Oil prices hit $88, Highest in 7 Years
Brent crude oil prices rose to its highest since October 2014 after it hit $88.4 on Tuesday as drone attacks on targets in the United Arab Emirates stoked fears across the region. At $88 oil prices are firmly back to the pre-Buhari regime when the economy was robust and selling north of 1.8 million barrels per day. Incidentally, this marked the end of an oil boom era for Nigeria and the start of a protracted period of a fall in oil revenues, multiple devaluations and recessions and an accumulation of debt not seen since the return to democracy in 1999.
Inflation Rises to 15.63% in December 2021
Inflation has become a bugbear for the Nigerian economy in the last two years but from the end of the first quarter (Q1) 2021, the average consumer price level fell in nine consecutive months until its recent December 2021 reversal that saw inflation rates rise again. In the latest CPI report released by the National Bureau of Statistics on Monday, Nigeria’s Inflation rate increased for the first time in nine months, as the headline consumer price index rose by 15.63% y-o-y (Year-On-Year).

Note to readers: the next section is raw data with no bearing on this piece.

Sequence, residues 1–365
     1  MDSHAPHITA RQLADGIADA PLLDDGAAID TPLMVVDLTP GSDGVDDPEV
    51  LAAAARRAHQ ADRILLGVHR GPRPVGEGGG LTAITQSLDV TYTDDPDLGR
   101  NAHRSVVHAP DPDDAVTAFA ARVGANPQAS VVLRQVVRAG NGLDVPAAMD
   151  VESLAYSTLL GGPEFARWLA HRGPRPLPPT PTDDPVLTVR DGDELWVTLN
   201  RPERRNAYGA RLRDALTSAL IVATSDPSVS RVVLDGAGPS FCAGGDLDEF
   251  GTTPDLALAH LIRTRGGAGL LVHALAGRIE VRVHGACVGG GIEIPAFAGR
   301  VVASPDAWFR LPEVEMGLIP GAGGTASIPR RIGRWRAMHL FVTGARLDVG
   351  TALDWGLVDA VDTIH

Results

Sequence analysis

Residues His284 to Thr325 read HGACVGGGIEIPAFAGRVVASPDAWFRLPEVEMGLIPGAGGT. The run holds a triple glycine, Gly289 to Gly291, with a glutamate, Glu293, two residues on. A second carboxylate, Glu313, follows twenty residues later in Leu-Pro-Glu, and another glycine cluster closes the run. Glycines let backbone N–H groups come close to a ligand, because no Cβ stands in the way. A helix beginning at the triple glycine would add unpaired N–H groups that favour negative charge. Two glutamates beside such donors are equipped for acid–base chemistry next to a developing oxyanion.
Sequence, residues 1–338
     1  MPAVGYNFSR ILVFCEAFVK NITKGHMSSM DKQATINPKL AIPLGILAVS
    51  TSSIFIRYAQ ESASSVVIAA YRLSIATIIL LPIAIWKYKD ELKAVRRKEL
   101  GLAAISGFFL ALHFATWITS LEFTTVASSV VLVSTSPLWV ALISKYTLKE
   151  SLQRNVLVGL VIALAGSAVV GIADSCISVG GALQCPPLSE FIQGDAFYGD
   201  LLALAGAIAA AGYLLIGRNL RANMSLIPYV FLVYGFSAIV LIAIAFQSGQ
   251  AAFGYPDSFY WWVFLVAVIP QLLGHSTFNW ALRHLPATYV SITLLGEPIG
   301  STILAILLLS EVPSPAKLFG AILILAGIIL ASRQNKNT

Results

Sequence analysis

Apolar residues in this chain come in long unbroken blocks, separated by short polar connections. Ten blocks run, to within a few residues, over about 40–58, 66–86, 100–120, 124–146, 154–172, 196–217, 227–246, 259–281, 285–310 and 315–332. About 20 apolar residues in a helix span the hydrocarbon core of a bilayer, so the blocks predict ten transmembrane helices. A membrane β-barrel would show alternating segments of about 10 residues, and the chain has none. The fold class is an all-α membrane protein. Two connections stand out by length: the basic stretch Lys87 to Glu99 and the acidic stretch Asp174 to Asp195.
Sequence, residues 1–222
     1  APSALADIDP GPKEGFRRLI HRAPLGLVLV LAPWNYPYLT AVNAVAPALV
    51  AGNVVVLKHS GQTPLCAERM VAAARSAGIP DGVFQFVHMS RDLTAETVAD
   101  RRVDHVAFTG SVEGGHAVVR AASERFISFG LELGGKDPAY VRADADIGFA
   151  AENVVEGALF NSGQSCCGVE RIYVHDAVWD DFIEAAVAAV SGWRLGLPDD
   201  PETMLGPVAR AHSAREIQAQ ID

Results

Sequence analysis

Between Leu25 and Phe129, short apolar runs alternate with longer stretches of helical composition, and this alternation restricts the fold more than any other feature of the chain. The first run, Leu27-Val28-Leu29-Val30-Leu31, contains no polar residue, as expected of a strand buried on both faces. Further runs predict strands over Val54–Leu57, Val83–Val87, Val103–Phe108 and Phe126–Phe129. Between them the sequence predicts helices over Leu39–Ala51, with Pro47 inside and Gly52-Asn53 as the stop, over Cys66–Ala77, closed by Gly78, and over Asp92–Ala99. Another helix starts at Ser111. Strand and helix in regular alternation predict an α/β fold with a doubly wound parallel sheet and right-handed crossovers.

Commodity Market Report
Last week, all grain commodities closed in the green territory, returning gains to investors on the Exchange. Prices are not looking to halt the upward trend soon as demand pressure and hoarding activities of traders prevail. Sorghum led the performers’ chart closing 11.26% on a week-on-week basis. Cashew followed closely with a 10.40% performance during the same period. Cocoa, however, declined 4.69%.
The value of the Nigerian naira depreciated by 1.5 percent as banks shifted personal travel allowance (PTA) and business travel allowance (BTA) rates from N413 to N419 per dollar. PTA and BTA are currency exchange schemes specifically set up for Nigerians travelling abroad for personal or business reasons. Each traveller can get up to $4000 every quarter to lessen FX disparity at parallel and official markets.
Last week, the Nigerian Treasury Bills (“NT-Bills”) secondary market maintained its bullish run as investors anticipated the Primary Market Auction (“PMA”) that held last Wednesday (12-Jan-2022). As the week progressed, tepid sentiments were maintained with minimal trading activities despite buoyant system liquidity (N63.2bn long as of Friday). Consequently, average yield contracted 4bps W-o-W (Week-On-Week) to settle at 4.39% from 4.43% the previous week.
The domestic bonds secondary market recorded a bullish run last week as FGN bonds market players reacted to the release of the Q1:2022 FGN Bond issuance calendar by the Debt Management Office (“DMO”) where a new maturity (2042s) will be offered in the market. Consequently, average yield shed 7bps W-o-W to settle at 11.51% from 11.59% the previous week.
Read the full report below…